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Is Hamilton in, and Jackson out, on U.S. currency?

April 18, 2016 by NCC Staff

 

The saga over adding a woman’s picture to a major American piece of currency could get a big twist this week, with reports that Alexander Hamilton will stay, Andrew Jackson will go, and women will be presented on two bills.

ahamilton1792Last June, Treasury Secretary Jack Lew announced a five-year process to find the right woman, or women, to go on the new version of the $10 bill, replacing Hamilton, the father of the Treasury Department and one of the seminal Founding Fathers.

Lew soon walked back the idea that Hamilton was disappearing from the currency scene. Lew told The Wall Street Journal that Hamilton would play some role as an icon on Americans currency, but he wasn’t specific. “We made it clear that Alexander Hamilton will remain part of our currency,” Lew said. “He played such a formative role in establishing our economic system. We are proud to continue to plan on honoring Alexander Hamilton.”

While most people seem supportive of the addition of a woman to the face of the $10 bill, there was a chorus of criticism about Hamilton’s fate, with much of the focus on Andrew Jackson remaining on the $20 bill. Jackson’s critics pointed to parts of his presidential legacy, his treatment of American Indians, and his role as a slaveholder.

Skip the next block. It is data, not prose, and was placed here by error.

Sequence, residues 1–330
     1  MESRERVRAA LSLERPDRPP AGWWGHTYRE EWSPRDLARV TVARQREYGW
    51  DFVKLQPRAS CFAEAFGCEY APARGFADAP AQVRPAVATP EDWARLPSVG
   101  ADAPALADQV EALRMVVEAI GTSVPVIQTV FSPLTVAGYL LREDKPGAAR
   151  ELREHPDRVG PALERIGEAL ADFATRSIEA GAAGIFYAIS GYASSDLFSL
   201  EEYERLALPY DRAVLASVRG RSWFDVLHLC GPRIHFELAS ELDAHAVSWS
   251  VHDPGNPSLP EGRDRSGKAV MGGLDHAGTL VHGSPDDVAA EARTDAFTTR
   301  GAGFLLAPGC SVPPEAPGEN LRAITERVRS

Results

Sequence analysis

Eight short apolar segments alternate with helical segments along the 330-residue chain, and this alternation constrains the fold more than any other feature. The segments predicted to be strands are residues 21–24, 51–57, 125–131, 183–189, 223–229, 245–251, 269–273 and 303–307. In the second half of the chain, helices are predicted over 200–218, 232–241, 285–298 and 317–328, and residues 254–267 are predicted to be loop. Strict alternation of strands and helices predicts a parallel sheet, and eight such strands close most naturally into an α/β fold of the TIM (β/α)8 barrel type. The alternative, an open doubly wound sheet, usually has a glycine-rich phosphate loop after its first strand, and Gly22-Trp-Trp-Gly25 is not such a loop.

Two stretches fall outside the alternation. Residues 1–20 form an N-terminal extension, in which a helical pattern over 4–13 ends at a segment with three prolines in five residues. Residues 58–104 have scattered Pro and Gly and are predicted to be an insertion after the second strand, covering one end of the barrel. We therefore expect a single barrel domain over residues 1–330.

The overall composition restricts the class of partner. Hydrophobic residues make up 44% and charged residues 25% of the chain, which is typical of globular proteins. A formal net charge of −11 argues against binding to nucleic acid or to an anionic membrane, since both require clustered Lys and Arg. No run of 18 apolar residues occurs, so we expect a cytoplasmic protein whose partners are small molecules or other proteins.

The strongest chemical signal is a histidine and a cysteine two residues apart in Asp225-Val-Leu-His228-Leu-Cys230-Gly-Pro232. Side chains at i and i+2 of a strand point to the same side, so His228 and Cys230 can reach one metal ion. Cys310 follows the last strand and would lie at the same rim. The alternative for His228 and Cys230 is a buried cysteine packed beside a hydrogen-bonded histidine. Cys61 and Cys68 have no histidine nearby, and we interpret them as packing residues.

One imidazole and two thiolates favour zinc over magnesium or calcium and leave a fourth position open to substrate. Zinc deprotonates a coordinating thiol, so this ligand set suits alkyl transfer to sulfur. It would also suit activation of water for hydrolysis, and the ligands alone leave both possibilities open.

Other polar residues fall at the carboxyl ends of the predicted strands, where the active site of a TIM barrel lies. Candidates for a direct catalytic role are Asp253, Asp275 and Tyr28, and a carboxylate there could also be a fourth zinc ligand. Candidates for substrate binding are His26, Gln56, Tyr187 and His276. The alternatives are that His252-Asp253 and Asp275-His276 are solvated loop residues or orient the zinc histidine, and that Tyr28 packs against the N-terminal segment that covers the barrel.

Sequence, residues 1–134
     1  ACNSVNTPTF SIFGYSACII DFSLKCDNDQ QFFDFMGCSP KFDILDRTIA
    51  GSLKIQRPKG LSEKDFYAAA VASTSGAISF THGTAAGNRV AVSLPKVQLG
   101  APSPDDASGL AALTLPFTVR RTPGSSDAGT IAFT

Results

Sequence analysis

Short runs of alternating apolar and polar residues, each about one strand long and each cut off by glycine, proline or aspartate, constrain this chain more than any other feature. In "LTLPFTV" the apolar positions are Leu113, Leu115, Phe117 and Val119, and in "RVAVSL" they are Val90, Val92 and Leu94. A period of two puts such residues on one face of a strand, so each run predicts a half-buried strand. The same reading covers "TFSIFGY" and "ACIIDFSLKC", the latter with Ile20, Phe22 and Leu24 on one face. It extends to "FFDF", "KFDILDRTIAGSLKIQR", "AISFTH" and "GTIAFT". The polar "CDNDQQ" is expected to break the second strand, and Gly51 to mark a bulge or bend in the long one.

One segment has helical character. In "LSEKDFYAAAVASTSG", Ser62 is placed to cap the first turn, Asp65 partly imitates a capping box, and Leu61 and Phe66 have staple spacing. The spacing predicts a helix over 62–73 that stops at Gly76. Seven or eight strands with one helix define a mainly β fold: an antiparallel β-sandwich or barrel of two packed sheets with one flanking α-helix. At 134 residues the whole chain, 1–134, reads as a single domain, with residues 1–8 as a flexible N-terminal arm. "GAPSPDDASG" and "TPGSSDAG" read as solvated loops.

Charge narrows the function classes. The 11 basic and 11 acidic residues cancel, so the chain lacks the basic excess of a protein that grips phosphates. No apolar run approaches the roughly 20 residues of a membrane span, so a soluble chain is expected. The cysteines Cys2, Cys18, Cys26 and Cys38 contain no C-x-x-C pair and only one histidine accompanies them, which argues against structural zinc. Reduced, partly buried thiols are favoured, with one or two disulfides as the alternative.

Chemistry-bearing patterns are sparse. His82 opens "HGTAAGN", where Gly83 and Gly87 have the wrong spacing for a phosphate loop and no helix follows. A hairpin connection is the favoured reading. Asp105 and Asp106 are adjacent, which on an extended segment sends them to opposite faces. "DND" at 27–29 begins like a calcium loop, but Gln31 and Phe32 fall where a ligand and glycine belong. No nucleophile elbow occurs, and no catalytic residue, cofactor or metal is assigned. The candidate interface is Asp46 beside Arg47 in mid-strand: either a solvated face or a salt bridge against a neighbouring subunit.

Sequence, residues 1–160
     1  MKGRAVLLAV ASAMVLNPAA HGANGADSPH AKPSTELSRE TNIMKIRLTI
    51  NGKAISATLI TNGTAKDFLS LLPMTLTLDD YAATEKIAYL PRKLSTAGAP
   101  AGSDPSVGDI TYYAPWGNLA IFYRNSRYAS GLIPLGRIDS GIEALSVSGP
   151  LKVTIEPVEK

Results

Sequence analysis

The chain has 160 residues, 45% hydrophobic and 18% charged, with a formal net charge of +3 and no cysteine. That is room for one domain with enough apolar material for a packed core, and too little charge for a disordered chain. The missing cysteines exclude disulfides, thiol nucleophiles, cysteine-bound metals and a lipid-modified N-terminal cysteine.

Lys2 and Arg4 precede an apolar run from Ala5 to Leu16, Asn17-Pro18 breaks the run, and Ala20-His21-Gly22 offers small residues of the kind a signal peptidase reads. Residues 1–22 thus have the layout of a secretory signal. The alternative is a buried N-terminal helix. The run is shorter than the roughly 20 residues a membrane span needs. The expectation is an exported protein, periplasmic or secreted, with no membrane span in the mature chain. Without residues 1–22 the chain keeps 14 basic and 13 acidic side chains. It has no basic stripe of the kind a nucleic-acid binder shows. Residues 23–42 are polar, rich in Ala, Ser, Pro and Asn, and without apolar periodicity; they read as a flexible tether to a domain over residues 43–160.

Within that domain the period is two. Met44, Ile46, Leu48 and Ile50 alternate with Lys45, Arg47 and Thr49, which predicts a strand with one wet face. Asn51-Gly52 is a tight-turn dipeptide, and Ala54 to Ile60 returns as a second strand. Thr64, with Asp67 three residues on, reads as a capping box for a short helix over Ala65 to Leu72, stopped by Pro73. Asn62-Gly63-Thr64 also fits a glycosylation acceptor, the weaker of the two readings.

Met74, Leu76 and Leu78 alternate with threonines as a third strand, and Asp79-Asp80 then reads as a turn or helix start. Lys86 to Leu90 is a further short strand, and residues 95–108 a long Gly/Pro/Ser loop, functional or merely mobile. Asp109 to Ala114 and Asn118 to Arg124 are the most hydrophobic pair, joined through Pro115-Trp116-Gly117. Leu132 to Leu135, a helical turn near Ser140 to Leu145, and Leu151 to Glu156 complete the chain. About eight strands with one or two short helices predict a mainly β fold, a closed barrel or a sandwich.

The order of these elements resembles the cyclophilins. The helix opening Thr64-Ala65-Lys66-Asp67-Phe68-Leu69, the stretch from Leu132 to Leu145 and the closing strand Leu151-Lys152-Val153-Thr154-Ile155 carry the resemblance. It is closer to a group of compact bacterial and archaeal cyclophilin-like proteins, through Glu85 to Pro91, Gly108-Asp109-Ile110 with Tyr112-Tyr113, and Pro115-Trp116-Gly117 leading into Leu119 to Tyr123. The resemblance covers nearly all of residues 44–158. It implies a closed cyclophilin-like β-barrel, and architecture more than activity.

And there was the interesting historic fact that Jackson was deeply opposed to paper currency. In his March 1837 farewell address, Jackson made clear that his objections to paper currency were constitutional. “The Constitution of the United States unquestionably intended to secure to the people a circulating medium of gold and silver,” he said. “The establishment of a national bank by Congress, with the privilege of issuing paper money receivable in the payment of the public dues, and the unfortunate course of legislation in the several States upon the same subject, drove from general circulation the constitutional currency and substituted one of paper in its place.”

This weekend, CNN reported that Secretary Lew has had a change of heart, and we could find out this week that Hamilton will remain on the front of the $10 bill, with an image saluting woman’s suffrage on its back. Replacing Jackson on the $20 bill will be a woman representing the struggle for racial equality.

One person who lobbied Lew to keep Hamilton on the $10 bill was Lin-Manuel Miranda, the star of Broadway’s hit musical, “Hamilton.” Miranda has met with Lew twice, once backstage on Broadway and second time in Washington when the play’s stars sung at the White House in March.

“The Secretary thanked Miranda for the ingenious way in which he has been able to tell Hamilton’s story and ignite a renewed interest in one of our nation’s founding fathers. Secretary Lew also reiterated his commitment to continue to honor Alexander Hamilton on the 10 dollar bill,” the Treasury Department said after the March meeting.

But not everyone is happy with the rumored changes.

“You’re not going to fix gender inequality by putting a woman on the face of the 10, but boy will you emphasize gender inequality by putting women on the back,” Jane Kamensky, director of the Schlesinger Library on the History of Women in America at Harvard University, told Time magazine recently.

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